ObjectRealm adds data access to standard telephone systems

July 26, 2000

ObjectRealm adds data access to standard telephone systemsASP links mobile docs with patient infoWith all the talk these days about the potential for personal digital assistants and wireless Web-based applications to revolutionize

ObjectRealm adds data access to standard telephone systems

ASP links mobile docs with patient info

With all the talk these days about the potential for personal digital assistants and wireless Web-based applications to revolutionize clinical decision-making, some vendors are keeping their focus on a more traditional communication device: the telephone.

Similar to the bevy of companies touting Internet-based “personal health records” as the next big thing in enhanced patient-provider interaction, these companies believe that patients increasingly expect their physicians to respond to questions and needs in a timely manner, regardless of workloads or travel schedules. But they are convinced that adding intelligent voice-recognition capabilities to existing telephone networks is a better solution than requiring healthcare providers to fill yet another pocket with yet another digital device.

“For physicians and practitioners, PDAs are still kind of elusive,” said Dempsey Nugent, president and CEO of ObjectRealm Consulting Group. “But they all have pagers and access to a phone, and the phone acts as the acquisition device.”

That is the strategy behind ObjectRealm’s decision to evolve from a general systems integrator to a provider of voice-based healthcare applications. The Columbia, SC-based firm is leveraging its expertise in medical records systems, HL7, and object- and Internet-based technologies to develop alternative methods for remote access to healthcare information.

In the last six months, ObjectRealm has put together an ASP model to deliver voice technology software and services to mobile healthcare professionals and introduced its first computer telephony product, myVoiceAssistant, in May. myVoiceAssistant is a Windows NT-based voice-recognition package for physicians, nurse practitioners, and practice managers that uses a single phone number to consolidate all peer-to-peer communications: voicemail, e-mail, faxes, pagers, cell phones, and access to corporate and patient databases.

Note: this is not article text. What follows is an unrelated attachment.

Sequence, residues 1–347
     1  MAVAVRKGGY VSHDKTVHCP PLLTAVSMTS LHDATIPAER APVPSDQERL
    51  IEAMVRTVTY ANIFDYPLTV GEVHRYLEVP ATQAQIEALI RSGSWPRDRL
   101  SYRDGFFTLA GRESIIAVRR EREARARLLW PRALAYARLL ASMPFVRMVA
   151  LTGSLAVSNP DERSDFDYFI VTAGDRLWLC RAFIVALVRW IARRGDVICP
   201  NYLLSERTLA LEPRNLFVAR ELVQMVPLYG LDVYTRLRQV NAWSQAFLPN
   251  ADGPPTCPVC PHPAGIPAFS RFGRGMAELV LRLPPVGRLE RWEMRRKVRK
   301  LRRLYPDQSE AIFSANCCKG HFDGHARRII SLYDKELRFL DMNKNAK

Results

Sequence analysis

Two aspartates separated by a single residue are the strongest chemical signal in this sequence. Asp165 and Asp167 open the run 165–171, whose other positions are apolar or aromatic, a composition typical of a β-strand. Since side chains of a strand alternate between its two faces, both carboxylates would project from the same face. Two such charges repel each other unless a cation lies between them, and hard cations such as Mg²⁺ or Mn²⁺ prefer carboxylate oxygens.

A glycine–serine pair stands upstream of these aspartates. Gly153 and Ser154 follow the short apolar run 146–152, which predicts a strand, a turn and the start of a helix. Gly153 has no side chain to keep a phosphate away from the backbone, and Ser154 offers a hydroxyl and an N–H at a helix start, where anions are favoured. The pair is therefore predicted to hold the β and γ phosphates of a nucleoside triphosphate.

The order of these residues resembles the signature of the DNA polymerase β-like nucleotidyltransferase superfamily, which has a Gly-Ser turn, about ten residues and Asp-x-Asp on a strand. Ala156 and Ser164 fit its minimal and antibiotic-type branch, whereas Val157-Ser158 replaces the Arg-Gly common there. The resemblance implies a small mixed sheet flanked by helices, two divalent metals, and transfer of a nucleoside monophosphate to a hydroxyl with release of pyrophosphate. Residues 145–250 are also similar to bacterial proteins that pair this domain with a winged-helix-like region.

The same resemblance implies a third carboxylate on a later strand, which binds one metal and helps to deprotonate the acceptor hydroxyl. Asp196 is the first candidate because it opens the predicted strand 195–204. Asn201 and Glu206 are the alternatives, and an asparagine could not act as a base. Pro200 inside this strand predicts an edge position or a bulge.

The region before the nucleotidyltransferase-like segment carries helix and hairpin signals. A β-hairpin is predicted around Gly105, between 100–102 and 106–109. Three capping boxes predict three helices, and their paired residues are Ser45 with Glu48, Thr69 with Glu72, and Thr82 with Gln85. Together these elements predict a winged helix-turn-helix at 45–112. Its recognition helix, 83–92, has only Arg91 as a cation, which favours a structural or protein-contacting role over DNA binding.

“We are not voice recognition experts,” Nugent said. “We take our expertise and adapt the voice access to a vertical market (healthcare) that we understand in depth. What we do is take a look at a day in the life of a physician and try to determine how they need to use the ‘follow me’ function and how they are already working with many of these devices.”

myVoiceAssistant uses command-based voice-recognition technology from Conita Technologies, a developer of natural language voice-enabled software and personal virtual assistant technology. Conita works with Nuance command-based speech recognition and AcuVoice text-to-speech technology to enable intelligent filtering and call routing. The software underlying myVoiceAssistant was written in C++ and Java; the package also includes a Web-based component that allows users to manage their voice systems via the Internet, making myVoiceAssistant more a personal productivity system than just a data-access tool, according to Nugent.

“Conita’s technology provides physicians and other mobile healthcare professionals with an efficient method for accessing databases and computer-based patient records; checking, sorting, and responding to e-mail, voicemail, and faxes; and routing information through phone calls to any location via simple verbal commands given through any phone connection,” he said.

Additional features include e-mail alerts and call prioritization. For larger facilities, the company can build a customized voice-to-data interface to existing information systems that will enable HL7-based queries to patient records and other databases.

“We use a technique called dynamic grammar to enter diagnoses or procedures into the patient record using ‘pick lists’ or single words that can be recognized and associated with the appropriate code,” Nugent said. “There is a fine line between the ability to update records based on voice forms and true charting.”

myVoiceAssistant is initially being made available via an ASP hosted by ObjectRealm. Physicians pay $29.95 to $49.95 per month (versus as much as $100 per month for an answering service) for around-the-clock, automated access to data, faxes, and messages via a single phone number. All of these functions are handled by ObjectRealm’s data center using existing phones and paging systems, so no additional hardware costs are incurred.

“As an ASP, we can host a system that replaces the answering service and the in-office assistant and creates a voice interface that gives users access to clinical systems using HL7 and XL12,” Nugent said. “Although some of this technology has been available, it has not really been packaged so that physicians, practitioners, and home health technicians can get into the clinical database.”

ObjectRealm is already working to add more complex functionality to myVoiceAssistant, such as prescription ordering and practice management. The company also expects to expand into continuous speech recognition to enable transcription and other applications, including a virtual operator that can handle such tasks as scheduling appointments and processing prescription refills.